Solana achieves network state consensus thanks to the Tower BFT's mechanism, which, as mentioned above, integrates the PoH algorithm to improve network efficiency and minimise transaction processing delays. Unlike traditional PBFT approaches, where network nodes exchange messages to agree on the order of transactions and the system's state, Solana's PoH acts as a global time source, encoding times directly into the blockchain and eliminating constant messaging between validators for time consensus, facilitating synchronisation through a shared ledger.

Solana's Validators are organised into Clusters, proposing and voting on transaction blocks to maintain the blockchain's functionality. Clusters operate in units of time called slots, each with a designated leader overseeing block production, critical transaction and block parameters, and their propagation. When Validators achieve a supermajority consensus, meaning two-thirds of the staked weight of a Cluster, they communicate the outcome to the Cluster's leader, who finalises the block.

Solana's dPoS consensus architecture allows token holders to participate in the Consensus by staking SOL with validators and obtaining SOL as rewards from network emissions. While there's no minimum staked SOL requirement, Validators need a sufficient balance to cover transaction fees for ongoing participation in Consensus. 

Propagating Blocks with Turbine[4]

Solana tackles the scalability challenge of the blockchain trilemma with the Turbine protocol, a block propagation solution. While traditional blockchains face latency as the number of nodes increases, making it difficult to propagate data efficiently. Turbine optimises data propagation by breaking large blocks into 64KB packets, which are then sent to different Validators. Each Validator then relays the packet to a "neighbourhood" composed of other Validators, forming a tree-like network structure. With a stake-weighted selection algorithm, higher-stakes validators are strategically positioned closer to the Cluster leader in the tree, prioritising efficient data transmission.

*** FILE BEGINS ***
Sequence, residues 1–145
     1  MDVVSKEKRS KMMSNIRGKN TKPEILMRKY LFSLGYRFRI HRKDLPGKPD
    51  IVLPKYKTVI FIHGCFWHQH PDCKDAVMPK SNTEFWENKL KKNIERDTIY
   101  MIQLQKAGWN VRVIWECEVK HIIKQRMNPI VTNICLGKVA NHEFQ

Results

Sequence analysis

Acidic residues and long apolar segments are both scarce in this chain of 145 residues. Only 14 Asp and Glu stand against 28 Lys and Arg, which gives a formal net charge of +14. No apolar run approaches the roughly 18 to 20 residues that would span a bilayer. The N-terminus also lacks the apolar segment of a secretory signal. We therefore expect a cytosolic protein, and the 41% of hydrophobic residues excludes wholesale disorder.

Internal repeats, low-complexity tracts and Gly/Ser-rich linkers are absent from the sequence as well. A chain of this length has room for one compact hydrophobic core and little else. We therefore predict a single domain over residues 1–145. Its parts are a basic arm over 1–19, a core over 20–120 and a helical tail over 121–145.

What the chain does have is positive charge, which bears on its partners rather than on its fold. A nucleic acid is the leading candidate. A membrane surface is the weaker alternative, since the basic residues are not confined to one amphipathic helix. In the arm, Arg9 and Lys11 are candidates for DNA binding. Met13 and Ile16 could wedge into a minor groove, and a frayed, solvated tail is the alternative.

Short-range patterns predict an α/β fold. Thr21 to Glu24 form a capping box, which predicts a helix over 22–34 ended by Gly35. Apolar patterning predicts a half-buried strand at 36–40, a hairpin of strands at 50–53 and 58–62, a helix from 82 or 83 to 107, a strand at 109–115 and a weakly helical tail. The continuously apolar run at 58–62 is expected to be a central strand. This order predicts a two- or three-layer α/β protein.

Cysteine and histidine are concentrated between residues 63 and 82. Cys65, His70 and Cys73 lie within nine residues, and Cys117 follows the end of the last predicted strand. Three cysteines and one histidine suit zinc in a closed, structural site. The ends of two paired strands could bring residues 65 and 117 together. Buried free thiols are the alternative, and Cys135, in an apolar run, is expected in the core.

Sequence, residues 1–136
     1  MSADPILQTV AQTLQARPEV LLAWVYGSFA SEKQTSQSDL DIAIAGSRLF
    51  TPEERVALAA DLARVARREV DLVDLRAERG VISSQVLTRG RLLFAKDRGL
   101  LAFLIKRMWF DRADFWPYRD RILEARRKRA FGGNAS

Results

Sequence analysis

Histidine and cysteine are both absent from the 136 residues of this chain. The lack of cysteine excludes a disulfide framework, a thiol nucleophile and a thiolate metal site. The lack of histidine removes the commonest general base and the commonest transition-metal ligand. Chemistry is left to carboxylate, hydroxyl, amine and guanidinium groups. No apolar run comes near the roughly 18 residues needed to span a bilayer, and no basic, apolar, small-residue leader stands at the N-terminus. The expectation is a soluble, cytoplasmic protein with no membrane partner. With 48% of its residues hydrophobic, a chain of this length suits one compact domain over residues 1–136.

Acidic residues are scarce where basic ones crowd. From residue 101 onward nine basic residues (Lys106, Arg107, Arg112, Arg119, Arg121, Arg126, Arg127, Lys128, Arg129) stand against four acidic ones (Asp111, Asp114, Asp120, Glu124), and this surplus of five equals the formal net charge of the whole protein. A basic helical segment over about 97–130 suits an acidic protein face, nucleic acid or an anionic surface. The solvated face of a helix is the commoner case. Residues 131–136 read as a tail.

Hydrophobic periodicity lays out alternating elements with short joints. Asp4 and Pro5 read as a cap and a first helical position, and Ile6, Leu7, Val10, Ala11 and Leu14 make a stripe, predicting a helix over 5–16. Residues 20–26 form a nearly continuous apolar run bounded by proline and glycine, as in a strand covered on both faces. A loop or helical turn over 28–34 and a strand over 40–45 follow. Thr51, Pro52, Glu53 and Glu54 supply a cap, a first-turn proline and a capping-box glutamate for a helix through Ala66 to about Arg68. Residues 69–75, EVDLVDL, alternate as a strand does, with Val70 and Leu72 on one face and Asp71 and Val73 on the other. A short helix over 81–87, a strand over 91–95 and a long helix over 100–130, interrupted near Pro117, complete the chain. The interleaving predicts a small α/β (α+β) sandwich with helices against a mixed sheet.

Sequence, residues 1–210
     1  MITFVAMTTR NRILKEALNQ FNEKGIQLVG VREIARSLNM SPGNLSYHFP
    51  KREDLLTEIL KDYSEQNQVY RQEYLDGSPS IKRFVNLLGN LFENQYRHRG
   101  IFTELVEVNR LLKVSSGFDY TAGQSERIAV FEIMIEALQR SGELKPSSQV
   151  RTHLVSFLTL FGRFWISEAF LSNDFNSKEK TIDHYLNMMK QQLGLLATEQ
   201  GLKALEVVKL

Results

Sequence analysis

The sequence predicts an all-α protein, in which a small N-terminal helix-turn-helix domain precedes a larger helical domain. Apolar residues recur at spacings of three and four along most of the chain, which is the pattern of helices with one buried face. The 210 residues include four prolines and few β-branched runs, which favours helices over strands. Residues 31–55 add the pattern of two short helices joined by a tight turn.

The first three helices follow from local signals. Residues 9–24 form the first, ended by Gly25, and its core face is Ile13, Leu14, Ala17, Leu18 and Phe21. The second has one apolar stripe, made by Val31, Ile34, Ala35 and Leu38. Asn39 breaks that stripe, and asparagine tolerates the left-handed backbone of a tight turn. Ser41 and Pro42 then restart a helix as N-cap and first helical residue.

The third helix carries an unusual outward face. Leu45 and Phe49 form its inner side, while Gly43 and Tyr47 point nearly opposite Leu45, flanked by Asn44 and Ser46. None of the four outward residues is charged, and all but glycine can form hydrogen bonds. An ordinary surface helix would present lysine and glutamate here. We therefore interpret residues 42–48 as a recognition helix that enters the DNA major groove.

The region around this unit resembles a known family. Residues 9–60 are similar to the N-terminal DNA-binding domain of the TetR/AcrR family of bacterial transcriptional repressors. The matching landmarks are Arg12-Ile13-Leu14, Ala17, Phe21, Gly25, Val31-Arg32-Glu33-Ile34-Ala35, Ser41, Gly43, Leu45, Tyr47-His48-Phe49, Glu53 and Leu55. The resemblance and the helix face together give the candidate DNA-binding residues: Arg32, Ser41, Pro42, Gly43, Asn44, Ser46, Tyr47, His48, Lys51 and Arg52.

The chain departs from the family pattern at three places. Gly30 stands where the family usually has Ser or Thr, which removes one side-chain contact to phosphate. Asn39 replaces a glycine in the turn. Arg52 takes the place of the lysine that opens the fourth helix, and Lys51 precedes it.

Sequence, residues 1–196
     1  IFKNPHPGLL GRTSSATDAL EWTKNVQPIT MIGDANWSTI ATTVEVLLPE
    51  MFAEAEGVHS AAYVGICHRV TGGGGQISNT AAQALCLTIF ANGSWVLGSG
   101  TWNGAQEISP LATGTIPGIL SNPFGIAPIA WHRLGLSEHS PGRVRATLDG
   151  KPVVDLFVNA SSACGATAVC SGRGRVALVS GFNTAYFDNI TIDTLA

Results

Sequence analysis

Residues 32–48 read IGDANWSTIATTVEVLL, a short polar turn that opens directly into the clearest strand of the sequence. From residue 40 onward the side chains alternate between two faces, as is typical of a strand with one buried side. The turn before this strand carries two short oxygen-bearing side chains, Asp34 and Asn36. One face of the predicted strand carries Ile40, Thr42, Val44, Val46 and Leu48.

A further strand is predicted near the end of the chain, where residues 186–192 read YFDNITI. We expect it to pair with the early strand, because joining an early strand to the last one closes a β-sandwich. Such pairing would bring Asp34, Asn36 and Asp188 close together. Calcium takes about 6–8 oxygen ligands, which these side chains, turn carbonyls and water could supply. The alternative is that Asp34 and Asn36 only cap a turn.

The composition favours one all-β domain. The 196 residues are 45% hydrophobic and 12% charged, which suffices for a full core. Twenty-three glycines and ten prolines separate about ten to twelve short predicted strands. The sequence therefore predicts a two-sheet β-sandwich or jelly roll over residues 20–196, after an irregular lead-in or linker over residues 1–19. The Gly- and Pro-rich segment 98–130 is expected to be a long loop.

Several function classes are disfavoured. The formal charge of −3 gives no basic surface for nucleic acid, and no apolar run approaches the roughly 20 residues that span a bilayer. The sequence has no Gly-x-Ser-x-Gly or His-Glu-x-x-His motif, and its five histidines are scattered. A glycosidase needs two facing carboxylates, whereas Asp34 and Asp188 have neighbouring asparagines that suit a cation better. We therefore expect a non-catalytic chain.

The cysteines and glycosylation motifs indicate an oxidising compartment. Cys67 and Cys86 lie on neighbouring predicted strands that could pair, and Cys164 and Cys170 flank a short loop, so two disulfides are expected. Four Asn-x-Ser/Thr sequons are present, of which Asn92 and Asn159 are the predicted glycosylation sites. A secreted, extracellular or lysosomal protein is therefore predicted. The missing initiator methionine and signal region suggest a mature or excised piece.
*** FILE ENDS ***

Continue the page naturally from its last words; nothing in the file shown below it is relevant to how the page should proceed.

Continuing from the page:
Nodes refusing to broadcast information or spreading incorrect data are security concerns addressed by allowing validators to reconstruct entire blocks even if a portion of the packets is dropped. Cluster leaders dynamically observe packet drop rates, ensuring that Validators can address these types of behaviour. Despite not being exempt from potential challenges, this protocol offers a scalable and secure solution to the blockchain scalability issue.

How does Solana Process Transactions?

While Solana's consensus mechanism establishes the foundation for achieving high TPS, additional developments concerning how to process transactions contribute to its performance metrics. Solana employs a unique process for validating and replicating transactions. Additionally, the handling of pending transactions is optimised through its mempool-less transaction forwarding protocol, known as Gulf-Stream.

What is Solana’s Pipeline and how Transactions are Processed?[5]

Solana employs a process known as the Pipeline to validate and replicate transactions, achieving confirmation times of under a second. This mechanism leverages pipelining, a CPU design optimisation, to process a continuous flow of transaction data through different stages.

To begin with, the Transaction Processing Unit (TPU), the core component responsible for efficiently processing transactions, undergoes a four-phase sequence: Data Fetching, Signature Verification, Banking, and Writing. Each phase is executed by specific sections of the hardware infrastructure provided by a Validator, enabling the concurrent processing of four transactions. Simultaneously, the Validator nodes manage the Transaction Validation Unit (TVU), a component that validates transactions. With this parallelisation mechanism, the Solana TPU can handle 50,000 transactions simultaneously.

As mentioned, Solana employs the Turbine protocol to mitigate network congestion during block propagation. Paired with Pipeline, it accelerates transaction processing and streamlines block propagation, effectively addressing blockchain scalability challenges.

Solana and its Mempool-Less Protocol[6]